Thursday, April 19, 2007

TTAB Applies Res Judicata, Sustains Opposition to Re-filed "CALVO" Application

Applicant Calvo was thwarted in its second attempt to register its CALVO & Design mark (shown immediately below), this time for fish. Its first application (for the mark shown further below) for various food items was opposed by Calavo Growers of California and ended in a default judgment when Calvo failed to answer the notice of opposition. Despite a change in the mark and a severe narrowing of the goods in Calvo's second application, the Board granted summary judgment on the ground of res judicata. Calavo Growers, Inc. v. Luis Calvo Sanz, S.A., Opposition No. 91170990 (April 11, 2007) [not precedential].

Calvo's first application identified the goods as "meat, fish, poultry and game; meat extracts; preserved, dried and cooked fruits and vegetables; jellies, jams; eggs, milk; edible oils; canned preserved meat and fish." The drawing of its mark (below) was lined for the color blue.

Calvo's second application identified the goods as "fish and canned fish." Thus the mark was slightly different in the second application and the range of goods was greatly reduced.

Under the doctrine of res judicata, or claim preclusion, a final judgment on the merits of a claim precludes relitigation of that same claim between the parties or their privies -- even in a case of default. The three requirements for application of claim preclusion are:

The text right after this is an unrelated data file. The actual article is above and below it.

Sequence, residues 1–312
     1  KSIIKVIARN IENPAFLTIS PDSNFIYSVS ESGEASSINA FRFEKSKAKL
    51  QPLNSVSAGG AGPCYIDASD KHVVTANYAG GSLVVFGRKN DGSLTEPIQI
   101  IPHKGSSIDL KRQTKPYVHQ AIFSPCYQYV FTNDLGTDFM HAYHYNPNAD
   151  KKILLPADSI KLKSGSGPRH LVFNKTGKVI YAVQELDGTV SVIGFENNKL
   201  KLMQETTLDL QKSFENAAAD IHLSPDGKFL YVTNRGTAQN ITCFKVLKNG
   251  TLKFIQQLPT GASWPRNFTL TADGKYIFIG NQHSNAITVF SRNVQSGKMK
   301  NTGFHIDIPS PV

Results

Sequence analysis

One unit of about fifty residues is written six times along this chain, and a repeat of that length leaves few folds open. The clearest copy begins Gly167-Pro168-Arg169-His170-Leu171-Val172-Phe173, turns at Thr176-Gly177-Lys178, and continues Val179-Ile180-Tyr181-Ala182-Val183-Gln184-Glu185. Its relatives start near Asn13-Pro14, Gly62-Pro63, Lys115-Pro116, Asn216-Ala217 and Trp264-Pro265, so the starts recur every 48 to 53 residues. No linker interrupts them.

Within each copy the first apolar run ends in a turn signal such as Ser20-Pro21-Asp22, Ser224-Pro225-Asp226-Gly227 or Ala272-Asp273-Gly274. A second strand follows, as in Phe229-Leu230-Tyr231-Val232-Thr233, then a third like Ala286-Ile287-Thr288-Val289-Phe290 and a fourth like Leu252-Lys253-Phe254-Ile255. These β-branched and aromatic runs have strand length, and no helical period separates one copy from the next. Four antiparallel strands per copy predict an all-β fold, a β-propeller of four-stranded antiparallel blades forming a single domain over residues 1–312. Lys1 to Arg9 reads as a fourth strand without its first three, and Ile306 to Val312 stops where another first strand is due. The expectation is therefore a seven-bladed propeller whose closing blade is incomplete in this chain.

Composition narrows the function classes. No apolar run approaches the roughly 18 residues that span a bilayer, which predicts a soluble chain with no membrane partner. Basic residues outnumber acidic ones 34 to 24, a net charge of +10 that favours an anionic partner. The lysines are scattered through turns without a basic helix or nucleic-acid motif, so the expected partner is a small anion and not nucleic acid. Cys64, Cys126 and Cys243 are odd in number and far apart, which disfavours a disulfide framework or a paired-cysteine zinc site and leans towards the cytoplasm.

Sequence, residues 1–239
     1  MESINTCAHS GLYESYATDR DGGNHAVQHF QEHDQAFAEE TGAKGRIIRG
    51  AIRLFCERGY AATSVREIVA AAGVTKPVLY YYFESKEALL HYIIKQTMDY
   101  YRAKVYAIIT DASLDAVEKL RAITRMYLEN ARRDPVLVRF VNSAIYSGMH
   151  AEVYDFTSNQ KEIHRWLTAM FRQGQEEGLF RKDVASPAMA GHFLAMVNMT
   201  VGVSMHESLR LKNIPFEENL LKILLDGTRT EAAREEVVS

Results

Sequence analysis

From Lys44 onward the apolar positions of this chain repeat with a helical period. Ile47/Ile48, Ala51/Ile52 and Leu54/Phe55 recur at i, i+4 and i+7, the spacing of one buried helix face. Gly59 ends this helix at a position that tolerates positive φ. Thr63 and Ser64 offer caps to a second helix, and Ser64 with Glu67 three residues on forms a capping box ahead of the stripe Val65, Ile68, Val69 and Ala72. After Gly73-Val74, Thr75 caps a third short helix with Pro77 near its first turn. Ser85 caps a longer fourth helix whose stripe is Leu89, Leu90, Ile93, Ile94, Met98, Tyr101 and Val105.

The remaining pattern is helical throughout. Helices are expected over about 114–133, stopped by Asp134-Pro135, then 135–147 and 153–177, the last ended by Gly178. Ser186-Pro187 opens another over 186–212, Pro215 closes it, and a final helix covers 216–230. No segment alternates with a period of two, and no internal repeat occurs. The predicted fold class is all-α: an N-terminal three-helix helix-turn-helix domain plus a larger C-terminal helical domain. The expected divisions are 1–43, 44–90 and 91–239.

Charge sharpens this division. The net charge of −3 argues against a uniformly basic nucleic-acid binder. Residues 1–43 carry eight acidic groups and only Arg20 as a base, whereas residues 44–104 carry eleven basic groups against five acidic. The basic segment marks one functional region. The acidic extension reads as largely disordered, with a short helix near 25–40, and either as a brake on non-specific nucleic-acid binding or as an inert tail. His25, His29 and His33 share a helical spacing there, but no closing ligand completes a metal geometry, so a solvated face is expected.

(1) the parties (or their privies) must be identical;
(2) a final judgment on the merits must have been rendered; and
(3) the second claim must be based on the same facts as the first.

Opposer Calavo Growers, Inc. is the successor-in-interest of Calavo Growers of California, the opposer in the first case. Thus the first requirement was met.

The default judgment in the prior proceeding operates as a final judgment on the merits, satisfying the second requirement.

As to the third requirement, there was no dispute that the claims asserted by the opposer in both proceedings (likelihood of confusion, dilution, and surnameness) are identical. Furthermore, the literal elements of the opposed marks are identical; the slight modification in the design "cannot serve to avoid res judicata."

The goods of the second application "are merely a narrowed version" of the goods of the first. "Applicant cannot avoid the estoppel effect of a prior decision by filing a second application that contains a narrower definition of the goods that were 'fully encompassed' in the present application."

The three requirements having been satisfied, the Board granted summary judgment to Opposer.

The Board noted, however, that Calvo could pursue its pleaded counterclaims for genericness and fraud directed at the five registrations pleaded by Opposer.

Text Copyright John L. Welch 2007.


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